In an interview that marked the end of his tenure as Professor of Poetry at Oxford, Sir Geoffrey Hill was asked what he wanted from contemporary poetry. He began – and ended – with a negative. 'I don't want it to be a sort of simpering drizzle. I really do want there to be some sense of order battling anarchy within the very structure of a poem. I think one of the most dreadful sounds in all of modern culture is what I will call the poetry recital chortle, and most contemporary poems seem to me to be written in order to arouse the desire of the listener to chuckle appreciatively.'

Michael Schmidt uses this quotation in his editorial introducing the new PN Review. My feelings about it are mixed. I understand the rather dour intellectual Hill’s dislike of poetry as entertainment/poets as stand-up comics, which I suspect lies behind it. My notion of poetry is, like Hill’s, one of (I will give it capitals) High Art, which of course does not exclude wit. But the gap between ‘funny’ and ‘witty’, between Johnny Depp and Johnny Donne, is a mile wide. ‘Performance poetry’ only matters when the Poetry (capitals again) survives the Performance and lives on the Page. So I can agree with Hill to that extent; but Hill’s own poetry is Hard Work. It has a Miltonic, Old Testament feel about it. You have to be in good intellectual shape to approach it – it requires that of you.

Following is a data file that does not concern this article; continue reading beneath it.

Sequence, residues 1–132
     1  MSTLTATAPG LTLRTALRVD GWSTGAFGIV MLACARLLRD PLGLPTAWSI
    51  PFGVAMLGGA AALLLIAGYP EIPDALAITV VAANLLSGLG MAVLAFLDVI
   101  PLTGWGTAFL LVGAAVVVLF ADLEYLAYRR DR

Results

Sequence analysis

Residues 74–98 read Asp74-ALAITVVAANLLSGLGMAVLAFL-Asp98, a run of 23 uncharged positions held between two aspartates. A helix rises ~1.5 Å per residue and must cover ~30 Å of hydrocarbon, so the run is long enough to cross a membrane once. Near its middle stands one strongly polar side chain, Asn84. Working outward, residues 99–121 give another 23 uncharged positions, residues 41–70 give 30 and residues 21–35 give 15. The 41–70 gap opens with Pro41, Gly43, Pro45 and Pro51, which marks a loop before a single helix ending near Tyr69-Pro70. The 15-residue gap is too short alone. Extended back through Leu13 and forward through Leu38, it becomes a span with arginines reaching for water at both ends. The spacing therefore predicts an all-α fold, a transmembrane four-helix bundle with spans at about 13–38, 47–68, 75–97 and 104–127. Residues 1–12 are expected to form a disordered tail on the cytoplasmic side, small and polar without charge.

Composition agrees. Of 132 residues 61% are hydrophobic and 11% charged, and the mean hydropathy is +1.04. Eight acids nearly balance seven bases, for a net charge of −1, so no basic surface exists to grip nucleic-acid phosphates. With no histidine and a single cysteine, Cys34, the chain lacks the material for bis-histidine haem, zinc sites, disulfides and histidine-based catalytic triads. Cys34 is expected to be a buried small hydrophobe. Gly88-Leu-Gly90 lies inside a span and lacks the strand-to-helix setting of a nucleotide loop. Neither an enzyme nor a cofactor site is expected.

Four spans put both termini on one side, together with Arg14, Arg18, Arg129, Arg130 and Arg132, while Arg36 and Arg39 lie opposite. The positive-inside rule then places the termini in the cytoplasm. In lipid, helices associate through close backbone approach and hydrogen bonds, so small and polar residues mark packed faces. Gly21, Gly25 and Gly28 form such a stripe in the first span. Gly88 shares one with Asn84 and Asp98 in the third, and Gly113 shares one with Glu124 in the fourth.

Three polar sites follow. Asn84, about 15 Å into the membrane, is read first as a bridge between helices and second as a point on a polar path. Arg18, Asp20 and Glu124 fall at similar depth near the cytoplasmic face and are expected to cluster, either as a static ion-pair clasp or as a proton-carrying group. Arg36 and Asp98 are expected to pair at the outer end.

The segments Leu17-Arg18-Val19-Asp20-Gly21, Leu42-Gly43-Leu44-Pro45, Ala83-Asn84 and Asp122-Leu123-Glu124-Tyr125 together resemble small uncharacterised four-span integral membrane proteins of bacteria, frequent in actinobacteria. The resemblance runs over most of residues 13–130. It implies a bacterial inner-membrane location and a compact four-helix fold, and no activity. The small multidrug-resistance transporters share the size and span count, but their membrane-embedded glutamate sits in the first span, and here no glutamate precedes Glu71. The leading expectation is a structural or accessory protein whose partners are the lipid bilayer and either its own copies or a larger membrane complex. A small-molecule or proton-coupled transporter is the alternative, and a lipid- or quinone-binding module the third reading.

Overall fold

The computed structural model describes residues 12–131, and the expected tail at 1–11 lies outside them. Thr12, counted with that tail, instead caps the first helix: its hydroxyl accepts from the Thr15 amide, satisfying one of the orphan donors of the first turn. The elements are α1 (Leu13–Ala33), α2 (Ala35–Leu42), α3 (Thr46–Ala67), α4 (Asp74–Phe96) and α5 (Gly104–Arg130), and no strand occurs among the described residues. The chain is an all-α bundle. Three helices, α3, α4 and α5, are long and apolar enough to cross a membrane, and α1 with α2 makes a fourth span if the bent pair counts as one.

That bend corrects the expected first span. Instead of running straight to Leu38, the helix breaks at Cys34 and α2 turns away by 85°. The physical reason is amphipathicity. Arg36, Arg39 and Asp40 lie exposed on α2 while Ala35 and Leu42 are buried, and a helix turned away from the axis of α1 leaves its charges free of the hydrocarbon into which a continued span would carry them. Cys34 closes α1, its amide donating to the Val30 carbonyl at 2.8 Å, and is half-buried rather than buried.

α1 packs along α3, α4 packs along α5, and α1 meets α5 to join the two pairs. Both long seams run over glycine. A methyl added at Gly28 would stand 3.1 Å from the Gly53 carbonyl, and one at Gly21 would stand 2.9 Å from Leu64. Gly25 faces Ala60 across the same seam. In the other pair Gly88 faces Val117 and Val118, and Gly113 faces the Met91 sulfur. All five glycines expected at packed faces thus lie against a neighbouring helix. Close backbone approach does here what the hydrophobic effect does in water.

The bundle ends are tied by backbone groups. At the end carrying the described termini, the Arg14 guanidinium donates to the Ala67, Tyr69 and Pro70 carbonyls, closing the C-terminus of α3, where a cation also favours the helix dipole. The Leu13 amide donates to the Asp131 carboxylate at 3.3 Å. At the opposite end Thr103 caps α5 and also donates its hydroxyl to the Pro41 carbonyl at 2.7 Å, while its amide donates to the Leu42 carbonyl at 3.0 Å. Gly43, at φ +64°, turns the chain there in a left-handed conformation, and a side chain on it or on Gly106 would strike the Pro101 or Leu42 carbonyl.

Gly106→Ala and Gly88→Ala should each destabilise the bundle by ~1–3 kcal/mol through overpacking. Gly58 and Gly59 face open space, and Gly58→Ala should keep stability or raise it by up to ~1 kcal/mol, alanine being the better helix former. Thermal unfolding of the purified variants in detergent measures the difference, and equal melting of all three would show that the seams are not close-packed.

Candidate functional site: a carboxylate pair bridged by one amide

Milton’s God-obsession is comprehensible given the times and circumstances it springs from, and the state of knowledge at that time; but the same dour obsession in the 21st Century seems to me less explicable – in some moods, almost inexcusable. Charles Tomlinson (a poet I’m sure I did less than justice to in my last blog) says in an interview, ‘I happen to think, with Santayana, that “Religious doctrines would do well to withdraw their pretension to be dealing with fact.” It’s no longer possible [he goes on] to reinstate seventeenth century, basically medieval criteria of belief – criteria from times when it was virtually possible to believe anything.’